Longer Pose Figure Drawings
Here is a collection of life drawings from the final term at Sarum Studio before the summer break. These are poses that are sustained for longer periods than anything we do at sketch club, although still relatively quick compared to the academic practices of many other schools. Some took approximately 6 hours to complete, others in the region of 18 hours. That sounds like a lot of time, but highly finished work could easily take at least twice as long to bring to resolution. I think the shorter time frame has some advantages; the work stays a little fresher and individual perhaps – which I like – although sometimes I think you can sacrifice really exploring nuances in the pose, overall finish, and tonal values by being so hurried. That said, I am my own worst enemy in how I prioritise my time. I particularly enjoy working on the portrait aspect of my figure drawings and often spend a long time trying to get that just right.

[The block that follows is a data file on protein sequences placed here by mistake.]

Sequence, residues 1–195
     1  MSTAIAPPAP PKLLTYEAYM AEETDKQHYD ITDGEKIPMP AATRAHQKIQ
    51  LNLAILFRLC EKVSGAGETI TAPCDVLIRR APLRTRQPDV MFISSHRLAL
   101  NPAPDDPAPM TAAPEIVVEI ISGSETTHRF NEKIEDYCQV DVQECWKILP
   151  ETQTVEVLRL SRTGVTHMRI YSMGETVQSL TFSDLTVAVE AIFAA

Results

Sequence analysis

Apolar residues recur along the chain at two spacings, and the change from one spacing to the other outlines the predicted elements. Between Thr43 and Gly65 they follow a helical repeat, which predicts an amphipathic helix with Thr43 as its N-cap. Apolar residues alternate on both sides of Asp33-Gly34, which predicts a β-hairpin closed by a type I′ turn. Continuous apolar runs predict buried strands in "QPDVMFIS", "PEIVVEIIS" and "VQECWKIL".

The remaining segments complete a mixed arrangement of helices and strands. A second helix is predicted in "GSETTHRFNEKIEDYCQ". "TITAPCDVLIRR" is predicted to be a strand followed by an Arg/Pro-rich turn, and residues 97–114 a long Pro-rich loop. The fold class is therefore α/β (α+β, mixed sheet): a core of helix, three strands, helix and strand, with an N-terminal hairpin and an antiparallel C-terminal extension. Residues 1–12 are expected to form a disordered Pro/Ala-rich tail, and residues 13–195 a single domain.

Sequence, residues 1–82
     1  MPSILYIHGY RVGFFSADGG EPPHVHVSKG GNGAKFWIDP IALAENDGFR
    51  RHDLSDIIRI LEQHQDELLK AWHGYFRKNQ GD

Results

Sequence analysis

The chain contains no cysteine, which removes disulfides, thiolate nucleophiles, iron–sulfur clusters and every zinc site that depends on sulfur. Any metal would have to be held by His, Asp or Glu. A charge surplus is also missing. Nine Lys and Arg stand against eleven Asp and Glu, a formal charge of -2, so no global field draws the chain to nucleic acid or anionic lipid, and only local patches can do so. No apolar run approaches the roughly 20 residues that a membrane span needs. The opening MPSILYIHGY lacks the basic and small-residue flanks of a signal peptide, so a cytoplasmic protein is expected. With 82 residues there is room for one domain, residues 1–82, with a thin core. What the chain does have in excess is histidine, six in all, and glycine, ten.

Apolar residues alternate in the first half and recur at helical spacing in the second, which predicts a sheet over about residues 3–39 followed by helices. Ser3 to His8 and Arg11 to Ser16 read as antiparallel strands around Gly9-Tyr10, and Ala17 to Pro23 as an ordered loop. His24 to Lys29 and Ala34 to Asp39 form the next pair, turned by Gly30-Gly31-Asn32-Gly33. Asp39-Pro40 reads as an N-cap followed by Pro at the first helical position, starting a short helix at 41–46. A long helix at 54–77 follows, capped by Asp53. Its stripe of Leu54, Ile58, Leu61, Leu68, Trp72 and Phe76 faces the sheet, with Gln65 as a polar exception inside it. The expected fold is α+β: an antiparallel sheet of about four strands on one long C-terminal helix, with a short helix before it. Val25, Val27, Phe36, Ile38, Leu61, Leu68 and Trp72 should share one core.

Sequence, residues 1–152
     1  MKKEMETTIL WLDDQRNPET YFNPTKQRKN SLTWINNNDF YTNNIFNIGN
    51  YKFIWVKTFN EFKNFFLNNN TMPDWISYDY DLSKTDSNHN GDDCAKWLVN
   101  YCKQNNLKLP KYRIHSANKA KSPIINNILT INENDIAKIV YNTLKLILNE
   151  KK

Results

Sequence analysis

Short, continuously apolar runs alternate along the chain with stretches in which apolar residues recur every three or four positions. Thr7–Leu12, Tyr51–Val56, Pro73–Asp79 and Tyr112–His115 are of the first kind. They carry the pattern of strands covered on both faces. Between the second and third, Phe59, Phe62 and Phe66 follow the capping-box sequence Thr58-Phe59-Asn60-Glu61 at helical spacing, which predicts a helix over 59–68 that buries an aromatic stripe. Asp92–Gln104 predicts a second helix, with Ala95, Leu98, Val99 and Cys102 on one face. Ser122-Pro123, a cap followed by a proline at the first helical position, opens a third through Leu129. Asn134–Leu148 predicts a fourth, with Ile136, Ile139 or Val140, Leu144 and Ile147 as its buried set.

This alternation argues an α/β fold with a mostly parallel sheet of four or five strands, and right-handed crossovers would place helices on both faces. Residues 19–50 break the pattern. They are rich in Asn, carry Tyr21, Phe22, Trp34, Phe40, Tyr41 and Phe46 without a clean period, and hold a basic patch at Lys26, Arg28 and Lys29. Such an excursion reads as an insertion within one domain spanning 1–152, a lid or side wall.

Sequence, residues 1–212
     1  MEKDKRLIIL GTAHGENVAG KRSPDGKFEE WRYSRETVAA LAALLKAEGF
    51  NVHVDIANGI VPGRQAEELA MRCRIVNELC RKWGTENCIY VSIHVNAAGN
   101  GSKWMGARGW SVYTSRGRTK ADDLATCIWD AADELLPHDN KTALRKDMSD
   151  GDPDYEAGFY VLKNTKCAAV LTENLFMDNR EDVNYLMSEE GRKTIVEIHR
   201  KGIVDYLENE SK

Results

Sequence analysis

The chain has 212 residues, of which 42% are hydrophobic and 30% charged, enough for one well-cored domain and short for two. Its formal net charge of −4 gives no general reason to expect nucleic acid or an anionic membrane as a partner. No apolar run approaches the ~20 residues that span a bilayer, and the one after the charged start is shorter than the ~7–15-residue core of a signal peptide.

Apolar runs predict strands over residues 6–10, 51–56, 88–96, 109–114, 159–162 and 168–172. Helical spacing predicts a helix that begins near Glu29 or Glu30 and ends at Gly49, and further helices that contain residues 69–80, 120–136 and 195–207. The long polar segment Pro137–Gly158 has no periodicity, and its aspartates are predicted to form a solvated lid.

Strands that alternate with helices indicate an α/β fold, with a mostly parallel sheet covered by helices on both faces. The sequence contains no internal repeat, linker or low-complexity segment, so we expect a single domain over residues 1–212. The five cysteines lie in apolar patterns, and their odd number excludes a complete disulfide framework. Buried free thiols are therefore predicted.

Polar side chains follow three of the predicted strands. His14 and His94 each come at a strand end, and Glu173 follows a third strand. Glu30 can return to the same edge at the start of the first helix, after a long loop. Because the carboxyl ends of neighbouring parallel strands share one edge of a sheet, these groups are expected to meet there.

I doubt whether the things I don’t particularly like about some of these drawings would have been improved given more time anyway. I feel that some of the poses didn’t quite have a pleasing flow in life, and looked a bit awkward and uncomfortable. The girl standing with the staff, for example, found that the pressure on her toe joints was too painful to hold in her original stance, so moved her feet to place one on top of her other in order to distribute her weight differently. To be honest, I think it just looks odd, and it also meant that she started to bend both legs in a way that didn’t look natural. That is something for the artist to learn from however, in helping the model to find a pose which experience tells us won’t find these difficult pressure points.